Picky eating among children can indicate depression and anxiety, researchers at the Duke University in Durham, North Carolina, warned in a new study. The problem could impact health and growth among the children, and also affect the parent-child relationship.

Parents of selective eaters should start intervention in the matter at the earliest, according to the researchers. “The question for many parents and physicians is: when is picky eating truly a problem?" Nancy Zucker, lead author and director of the Duke Center for Eating Disorders, said in a statement Monday. “The children we're talking about are not just misbehaving kids who refuse to eat their broccoli.”

The study was conducted on 3,433 children aged between 2 and 6 years. Researchers found that 20 percent of these children were picky eaters. Of these, about 18 percent were categorized as moderately picky and the rest as severely selective eaters.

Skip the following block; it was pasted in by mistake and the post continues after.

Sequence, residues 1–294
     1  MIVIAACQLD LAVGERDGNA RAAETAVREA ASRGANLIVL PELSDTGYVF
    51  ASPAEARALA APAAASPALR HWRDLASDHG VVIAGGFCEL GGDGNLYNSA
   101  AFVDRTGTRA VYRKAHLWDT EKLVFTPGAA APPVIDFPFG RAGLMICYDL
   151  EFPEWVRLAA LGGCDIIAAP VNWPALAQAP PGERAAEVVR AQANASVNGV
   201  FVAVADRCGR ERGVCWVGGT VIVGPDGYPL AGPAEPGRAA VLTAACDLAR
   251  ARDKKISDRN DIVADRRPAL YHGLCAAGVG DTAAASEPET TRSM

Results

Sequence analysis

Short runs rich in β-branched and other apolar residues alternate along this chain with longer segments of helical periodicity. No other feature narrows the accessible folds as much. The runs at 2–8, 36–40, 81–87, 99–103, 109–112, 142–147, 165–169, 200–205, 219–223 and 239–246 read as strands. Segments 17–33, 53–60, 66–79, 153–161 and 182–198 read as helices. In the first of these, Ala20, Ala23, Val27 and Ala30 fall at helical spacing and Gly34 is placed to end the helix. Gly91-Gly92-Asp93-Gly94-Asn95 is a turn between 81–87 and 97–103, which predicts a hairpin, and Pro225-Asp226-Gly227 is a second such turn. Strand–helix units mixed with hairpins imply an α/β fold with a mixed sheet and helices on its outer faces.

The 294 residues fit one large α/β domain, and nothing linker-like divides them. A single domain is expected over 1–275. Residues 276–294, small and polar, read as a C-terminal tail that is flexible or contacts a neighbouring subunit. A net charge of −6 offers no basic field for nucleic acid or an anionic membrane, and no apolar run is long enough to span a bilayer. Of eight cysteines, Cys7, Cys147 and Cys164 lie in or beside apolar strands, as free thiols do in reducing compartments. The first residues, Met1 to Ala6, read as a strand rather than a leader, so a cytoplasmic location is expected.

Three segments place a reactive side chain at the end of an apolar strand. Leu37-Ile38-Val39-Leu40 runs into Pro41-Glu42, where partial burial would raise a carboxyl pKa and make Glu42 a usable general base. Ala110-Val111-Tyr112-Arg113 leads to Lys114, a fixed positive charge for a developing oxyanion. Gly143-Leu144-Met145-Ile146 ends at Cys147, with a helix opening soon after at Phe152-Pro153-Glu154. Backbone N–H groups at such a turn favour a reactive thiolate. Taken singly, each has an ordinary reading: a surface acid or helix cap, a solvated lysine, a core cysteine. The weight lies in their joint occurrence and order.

The findings showed that children, who were severe selective eaters, had more than more twofold chances of being diagnosed with depression. However, the researchers did not find any increased possibility of psychiatric diagnoses among moderately picky eaters.

According to the study, published in the journal Pediatrics Monday, both moderate and severe selective eating was associated with notably elevated symptoms of depression, social anxiety and generalized anxiety.

"These are children whose eating has become so limited or selective that it's starting to cause problems," Zucker said. "Impairment can take many different forms. It can affect the child's health, growth, social functioning, and the parent-child relationship. The child can feel like no one believes them, and parents can feel blamed for the problem."

The researchers advised the parents to get their children checked for such problems. They also noted that certain therapies and interventions can help picky eaters overcome their fear of food and bad memories related to it.